John Lewis to respray with coat of Oracle ERP: Don't worry, we won't be 'wall to wall' Larry
New 'omni-channel' strategy includes (shock) Windows 8 tabs
The CIO of John Lewis makes no apologies for what he’s about to do. Quite the contrary.
I’m meeting Paul Coby at John Lewis's offices in Victoria, a concrete tower fitted with JL’s fittings and furniture that overlooks the jumbled innards of London's £700m upgrade of the Victoria underground line. It's also a tube-strike day. It's a mess out there.
“I’m totally unapologetic about investing in the supply chain,” Coby tells The Reg in the cushioned and co-ordinated calm above the high-viz, rain-splattered chaos at street level.
“I understand what I’m letting myself in for – it’s horses for courses,” he presses on.
What the IT chief for this flagship British retailer is about to do is open a real can of worms: a company-wide ERP rollout.
Oracle will replace a patchwork of 50 legacy systems that have grown as John Lewis and the Waitrose food business have grown over the decades. It's a four-year project that's expected to finish in 2017. The retailer is not saying how the project is priced.
ERP rollouts can be fraught with risk and when they go wrong there are real consequences.
Down in the streets, when things have gone wrong - like when builders filled the Victoria control room with concrete - the result was nothing worse than a storm of angry Tweets, incredulous headlines, and red faces for those in charge.
ERP is worse. If ERP goes wrong, the result can be material.
Botched projects at the Hershey’s confectionery biz and at Levi's clothing firm cost the companies millions of dollars in lost sales that were so significant they had to be reported on the balance sheet.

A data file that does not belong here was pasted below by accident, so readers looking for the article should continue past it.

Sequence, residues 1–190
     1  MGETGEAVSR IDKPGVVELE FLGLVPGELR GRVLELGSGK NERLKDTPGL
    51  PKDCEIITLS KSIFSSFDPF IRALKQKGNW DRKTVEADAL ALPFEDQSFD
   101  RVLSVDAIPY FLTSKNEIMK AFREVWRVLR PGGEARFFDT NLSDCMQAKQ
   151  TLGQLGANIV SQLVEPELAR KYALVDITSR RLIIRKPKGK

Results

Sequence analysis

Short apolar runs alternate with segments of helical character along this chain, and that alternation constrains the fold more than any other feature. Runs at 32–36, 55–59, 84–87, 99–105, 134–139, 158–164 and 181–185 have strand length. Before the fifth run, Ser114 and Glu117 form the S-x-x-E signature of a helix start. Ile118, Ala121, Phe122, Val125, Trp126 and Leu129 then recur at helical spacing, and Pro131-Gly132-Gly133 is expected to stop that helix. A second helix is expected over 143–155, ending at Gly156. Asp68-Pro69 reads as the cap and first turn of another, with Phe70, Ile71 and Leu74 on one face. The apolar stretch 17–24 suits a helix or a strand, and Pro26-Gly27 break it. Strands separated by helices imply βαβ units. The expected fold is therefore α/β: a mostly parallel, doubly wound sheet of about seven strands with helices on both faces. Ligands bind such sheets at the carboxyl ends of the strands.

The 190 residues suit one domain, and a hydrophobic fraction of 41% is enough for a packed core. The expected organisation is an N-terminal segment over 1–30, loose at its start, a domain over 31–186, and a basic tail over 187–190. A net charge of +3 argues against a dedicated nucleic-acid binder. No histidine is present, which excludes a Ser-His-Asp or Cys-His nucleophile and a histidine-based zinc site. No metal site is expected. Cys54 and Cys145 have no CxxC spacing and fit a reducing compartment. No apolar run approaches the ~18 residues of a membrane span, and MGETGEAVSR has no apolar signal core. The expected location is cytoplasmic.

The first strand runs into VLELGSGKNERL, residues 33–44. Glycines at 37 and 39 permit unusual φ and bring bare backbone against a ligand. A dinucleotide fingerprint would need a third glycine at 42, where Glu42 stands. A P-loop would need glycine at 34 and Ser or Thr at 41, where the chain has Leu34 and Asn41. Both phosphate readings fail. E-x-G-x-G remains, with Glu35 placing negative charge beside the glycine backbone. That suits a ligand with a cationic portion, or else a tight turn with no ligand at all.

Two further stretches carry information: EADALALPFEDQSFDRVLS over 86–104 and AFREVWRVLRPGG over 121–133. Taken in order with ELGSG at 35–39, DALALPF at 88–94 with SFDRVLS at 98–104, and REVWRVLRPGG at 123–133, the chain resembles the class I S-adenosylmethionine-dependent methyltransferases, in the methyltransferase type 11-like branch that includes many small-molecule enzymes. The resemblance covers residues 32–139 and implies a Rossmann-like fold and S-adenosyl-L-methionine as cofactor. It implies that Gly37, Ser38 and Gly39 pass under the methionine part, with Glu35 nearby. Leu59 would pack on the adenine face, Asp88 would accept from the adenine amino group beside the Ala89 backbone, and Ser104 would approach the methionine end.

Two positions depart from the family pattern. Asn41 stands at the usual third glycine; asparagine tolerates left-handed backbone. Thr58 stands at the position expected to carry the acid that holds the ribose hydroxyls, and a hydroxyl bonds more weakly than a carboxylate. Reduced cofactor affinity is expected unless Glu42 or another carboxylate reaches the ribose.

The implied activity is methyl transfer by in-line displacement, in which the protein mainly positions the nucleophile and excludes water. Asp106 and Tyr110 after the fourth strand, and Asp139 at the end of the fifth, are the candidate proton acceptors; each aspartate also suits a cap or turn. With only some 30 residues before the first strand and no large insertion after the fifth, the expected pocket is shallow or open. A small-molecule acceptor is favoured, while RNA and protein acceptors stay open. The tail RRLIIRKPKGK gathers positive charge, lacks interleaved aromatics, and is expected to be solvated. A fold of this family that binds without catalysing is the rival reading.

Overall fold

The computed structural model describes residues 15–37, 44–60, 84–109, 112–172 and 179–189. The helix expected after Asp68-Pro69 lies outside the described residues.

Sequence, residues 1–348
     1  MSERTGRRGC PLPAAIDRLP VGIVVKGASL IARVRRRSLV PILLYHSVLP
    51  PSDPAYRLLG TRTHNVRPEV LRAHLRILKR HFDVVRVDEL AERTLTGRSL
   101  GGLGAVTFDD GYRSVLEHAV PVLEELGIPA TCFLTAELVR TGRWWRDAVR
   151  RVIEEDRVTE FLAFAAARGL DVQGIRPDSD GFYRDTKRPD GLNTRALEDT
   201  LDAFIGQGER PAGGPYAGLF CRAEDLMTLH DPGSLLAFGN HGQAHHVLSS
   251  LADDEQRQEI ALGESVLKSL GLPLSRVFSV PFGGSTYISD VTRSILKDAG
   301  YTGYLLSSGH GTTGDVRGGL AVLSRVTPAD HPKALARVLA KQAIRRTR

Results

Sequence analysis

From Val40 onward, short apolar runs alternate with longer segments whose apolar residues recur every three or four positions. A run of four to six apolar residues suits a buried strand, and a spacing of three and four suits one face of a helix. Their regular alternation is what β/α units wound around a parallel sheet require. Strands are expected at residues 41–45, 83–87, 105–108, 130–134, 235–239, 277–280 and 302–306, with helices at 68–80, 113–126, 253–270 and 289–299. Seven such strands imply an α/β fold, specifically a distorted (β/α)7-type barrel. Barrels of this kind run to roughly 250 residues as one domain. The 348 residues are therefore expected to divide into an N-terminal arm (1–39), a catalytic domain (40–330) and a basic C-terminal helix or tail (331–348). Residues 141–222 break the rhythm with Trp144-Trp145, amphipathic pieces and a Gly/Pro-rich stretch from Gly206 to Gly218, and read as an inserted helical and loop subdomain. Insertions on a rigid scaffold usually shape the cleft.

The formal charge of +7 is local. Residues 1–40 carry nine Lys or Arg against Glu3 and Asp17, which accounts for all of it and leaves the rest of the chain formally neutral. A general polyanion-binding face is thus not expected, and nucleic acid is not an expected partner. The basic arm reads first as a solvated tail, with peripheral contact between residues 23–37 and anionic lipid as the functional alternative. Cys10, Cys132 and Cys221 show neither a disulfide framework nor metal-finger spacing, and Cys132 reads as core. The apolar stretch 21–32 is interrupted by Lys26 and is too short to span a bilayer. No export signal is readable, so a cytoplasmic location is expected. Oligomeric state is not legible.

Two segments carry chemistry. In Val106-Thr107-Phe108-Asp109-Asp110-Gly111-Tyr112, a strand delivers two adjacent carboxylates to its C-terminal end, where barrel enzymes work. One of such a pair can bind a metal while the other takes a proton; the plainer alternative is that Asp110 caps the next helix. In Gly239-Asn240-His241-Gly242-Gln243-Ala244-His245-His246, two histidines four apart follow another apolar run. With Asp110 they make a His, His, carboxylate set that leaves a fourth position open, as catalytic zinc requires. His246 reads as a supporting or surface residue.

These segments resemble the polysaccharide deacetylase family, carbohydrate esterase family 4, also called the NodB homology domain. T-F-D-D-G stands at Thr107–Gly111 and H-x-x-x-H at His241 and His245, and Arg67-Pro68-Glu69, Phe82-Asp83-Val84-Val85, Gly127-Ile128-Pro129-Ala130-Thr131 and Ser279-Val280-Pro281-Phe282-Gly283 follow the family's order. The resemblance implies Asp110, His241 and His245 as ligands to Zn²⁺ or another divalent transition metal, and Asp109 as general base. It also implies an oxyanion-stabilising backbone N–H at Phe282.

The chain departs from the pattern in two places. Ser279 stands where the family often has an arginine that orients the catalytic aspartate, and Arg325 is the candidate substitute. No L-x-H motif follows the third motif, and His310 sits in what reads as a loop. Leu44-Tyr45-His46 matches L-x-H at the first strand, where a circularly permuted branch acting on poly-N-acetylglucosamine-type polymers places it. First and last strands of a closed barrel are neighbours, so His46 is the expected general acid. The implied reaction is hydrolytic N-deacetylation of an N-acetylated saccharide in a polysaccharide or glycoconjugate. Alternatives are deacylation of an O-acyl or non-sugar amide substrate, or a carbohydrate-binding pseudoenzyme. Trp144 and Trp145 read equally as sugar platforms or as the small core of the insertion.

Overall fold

Door-to-door cosmetics firm Avon recently cancelled its planned SAP rollout, writing off the whopping $125m it had spent on a global project cancelled following a failed pilot in Canada.
But as far as Coby is concerned, this project is important to John Lewis's future and the reward is justified.
In an exclusive interview, Coby told The Reg the the existing kit has served John Lewis well but is reaching the end of what’s possible or desirable for the business. Meanwhile, the competition is getting smarter.
“In terms of the scale of our ambition and growing the business and in terms of being able to move more quickly, now is the time you want to modernise those core systems,” Coby said.
Coby: horses for courses on John Lewis' Oracle rollout
“You can get so far with legacy, in many respects legacy is a great thing - you have paid for it and the bugs have been removed, but the business is changing,” he said.
You could see this the second installment in John Lewis’ omni-channel retail strategy.
Omni-channel is big in retail – the ability to sell online, through mobile, the call centre and, yes, the store.
But, more channels make the view of the customer fragmented; it’s harder to know when a customer has browsed in the shop but made their purchase online, or rung the call centre.
Coby reckons John Lewis was on to omni-channel ahead of most, thanks to the vision of its managing director Andy Street, but that’s only part of the story.
We know people research online before they come into the store
“People [in retail] say 'channels' but that’s only where the money is spent. To take away those boundaries is really important,” Coby said.
“What we are about is recognising that customers are changing the way they shop,” Coby said. “We know two-thirds of John Lewis customers will be shopping across channels – researching online and coming into the store. If you buy a TV, you will want to look at it and then order it online – not try to carry it out of the store.”